Soldiers’ Pay by William Faulkner

by NJ McGarrigle

Faulkner’s Underwood Universal Portable typewriter in his office at Rowan Oak, which is now maintained by the University of Mississippi


Last week I went back to the beginning with one of my favourite writers, William Faulkner, by reading ‘Soldiers’ Pay’, his first novel. It’s very enjoyable, even if one clearly sees some of the natural flaws that can appear in a first book (too much reference to the weather, for instance; an unwieldy narrative at times). But any criticism is to be readily expected of an early work by a great writer, and especially from a reader who has gone through Faulkner’s major works beforehand.

Published in 1926, ‘Soldiers’ Pay’ is the story of a wounded veteran’s homecoming following the First World War; it traces the lives of three soldiers and the impact of their return upon their families. In the book we can see Faulkner slowly, but steadily, finding his inimitable storytelling voice that he perfected in the ‘The Sound and the Fury’, ‘Light in August’, and ‘Absalom, Absalom’.


The major theme I enjoyed most in the book was the characters’ struggles to find meaning in their lives, trying to give their lives a meaning, in the wake of the Great War. The First World War’s shadow looms large over the men, women and children, and they try to find light in a world that seems to be slowly dying.


The novel is noteworthy too in that the central character, Mahon, is a shell of his former self, has the least to say, and yet is the figurehead that the other characters cling on to in order to find some form of redemption. Faulkner’s biographer, Frederick R. Karl, makes the point that Faulkner uses Mahon as an exalted Christ-like figure, sacrificed to the gods of war. Despite being a hapless body smashed by the First World War, Mahon’s being determines the world that now surrounds them. The themes of silence, emotion and sacredness are all here and of course would become recurring motifs through many of Faulkner’s later works.


William Faulkner

Faulkner’s representation of women in ‘Soldiers’ Pay’ is conflicted and probably drew upon personal experience. There is the strong, worldly, maternal figure of Margaret Power and then there is Cecily Saunders, a spoiled, shallow, sexual tease who seems to have no ideas or purpose in life. One of my favourite moments in the novel is from Margaret Power. After having her way with one of the soldiers, Joe Gilligan, she spurns his declarations of feelings, leaving him with a bruised ego. Margaret asks him why he’s so upset; is it because I’ve done to you Joe, what a man would do to a woman?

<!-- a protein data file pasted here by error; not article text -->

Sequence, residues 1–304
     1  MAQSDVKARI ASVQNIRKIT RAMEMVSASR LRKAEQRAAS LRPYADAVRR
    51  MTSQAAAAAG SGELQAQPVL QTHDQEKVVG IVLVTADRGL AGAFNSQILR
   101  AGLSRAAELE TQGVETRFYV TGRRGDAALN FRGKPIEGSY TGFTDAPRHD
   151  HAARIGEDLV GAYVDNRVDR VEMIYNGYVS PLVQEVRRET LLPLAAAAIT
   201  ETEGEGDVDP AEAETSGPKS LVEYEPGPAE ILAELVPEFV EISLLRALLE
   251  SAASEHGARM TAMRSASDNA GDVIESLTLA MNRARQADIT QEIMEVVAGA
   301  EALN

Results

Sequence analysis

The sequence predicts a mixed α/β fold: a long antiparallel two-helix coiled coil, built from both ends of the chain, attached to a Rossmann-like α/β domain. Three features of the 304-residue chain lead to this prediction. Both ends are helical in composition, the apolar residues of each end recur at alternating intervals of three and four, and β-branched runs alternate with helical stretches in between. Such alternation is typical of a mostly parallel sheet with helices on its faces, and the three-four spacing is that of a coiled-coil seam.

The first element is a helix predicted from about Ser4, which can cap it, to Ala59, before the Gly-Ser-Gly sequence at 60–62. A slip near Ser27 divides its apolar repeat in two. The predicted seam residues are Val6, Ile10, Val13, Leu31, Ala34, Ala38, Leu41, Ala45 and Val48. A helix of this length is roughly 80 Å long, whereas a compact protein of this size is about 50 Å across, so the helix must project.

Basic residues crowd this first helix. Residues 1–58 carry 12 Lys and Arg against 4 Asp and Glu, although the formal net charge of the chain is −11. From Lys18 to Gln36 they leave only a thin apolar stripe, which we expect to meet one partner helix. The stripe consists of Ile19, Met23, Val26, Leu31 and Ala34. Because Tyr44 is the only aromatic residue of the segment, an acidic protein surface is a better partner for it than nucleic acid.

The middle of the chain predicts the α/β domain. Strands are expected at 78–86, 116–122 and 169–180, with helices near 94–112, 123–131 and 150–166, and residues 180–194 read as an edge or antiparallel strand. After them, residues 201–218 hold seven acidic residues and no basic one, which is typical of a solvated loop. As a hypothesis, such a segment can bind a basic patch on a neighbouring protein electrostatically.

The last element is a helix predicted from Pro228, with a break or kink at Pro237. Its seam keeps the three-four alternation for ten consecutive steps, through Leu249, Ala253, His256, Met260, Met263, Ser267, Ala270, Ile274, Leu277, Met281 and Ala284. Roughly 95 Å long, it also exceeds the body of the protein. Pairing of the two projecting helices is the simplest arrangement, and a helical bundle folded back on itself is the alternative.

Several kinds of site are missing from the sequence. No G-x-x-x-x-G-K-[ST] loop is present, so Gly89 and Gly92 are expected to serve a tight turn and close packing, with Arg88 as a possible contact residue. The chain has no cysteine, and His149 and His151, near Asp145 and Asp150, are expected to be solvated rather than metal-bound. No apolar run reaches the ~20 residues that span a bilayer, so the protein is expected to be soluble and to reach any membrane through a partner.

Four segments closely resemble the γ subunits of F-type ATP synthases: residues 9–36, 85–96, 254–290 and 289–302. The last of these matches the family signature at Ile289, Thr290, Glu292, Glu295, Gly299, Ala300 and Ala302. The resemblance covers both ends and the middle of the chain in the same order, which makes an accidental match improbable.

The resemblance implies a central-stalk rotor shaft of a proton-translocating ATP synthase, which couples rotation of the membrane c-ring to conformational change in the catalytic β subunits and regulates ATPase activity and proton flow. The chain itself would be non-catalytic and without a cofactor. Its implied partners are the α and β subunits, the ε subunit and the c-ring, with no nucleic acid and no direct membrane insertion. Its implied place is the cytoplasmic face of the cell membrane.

It seems that when Faulkner sat down to write ‘Soldiers’ Pay’, there was little sense that he would become America’s leading novelist of the 20th century. Hemingway often complained that Tolstoy had a unique advantage in his writing to everyone else, because he had been a soldier and had experienced life and death at their most heightened senses. One wonders if the modern novelist now feels the same about Hemingway and Faulkner, who both had the momentous events of the World Wars to hang any story upon. (It is pointed that both men started out with the intention of becoming poets, as well as soldiers; that most romantic and tragic of all figures in the world of letters.)

Faulkner wanted to be a writer because he wanted the leisurely lifestyle it afforded his friend Sherwood Anderson, but also because he realised it was ‘fun’ when he got down to it. Writing probably was fun for dear old Bill, but then genius can make creation come easily. The rest of us must struggle and plough a lonely furrow. All the same, it’s worth listing some of the advice Faulkner gave on writing, and I’ve also included an interesting video of the writer’s time at the University of Virginia.


I think the writer, as I’ve said before, is completely amoral. He takes whatever he needs, wherever he needs, and he does that openly and honestly because he himself hopes that what he does will be good enough so that after him people will take from him, and they are welcome to take from him, as he feels that he would be welcome by the best of his predecessors to take what they had done.

I think the story compels its own style to a great extent, that the writer don’t need to bother too much about style. If he’s bothering about style, then he’s going to write precious emptiness–not necessarily nonsense…it’ll be quite beautiful and quite pleasing to the ear, but there won’t be much content in it.

The only rule I have is to quit while it’s still hot. Never write yourself out. Always quit when it’s going good. Then it’s easier to take it up again. If you exhaust yourself, then you’ll get into a dead spell and you’ll have trouble with it.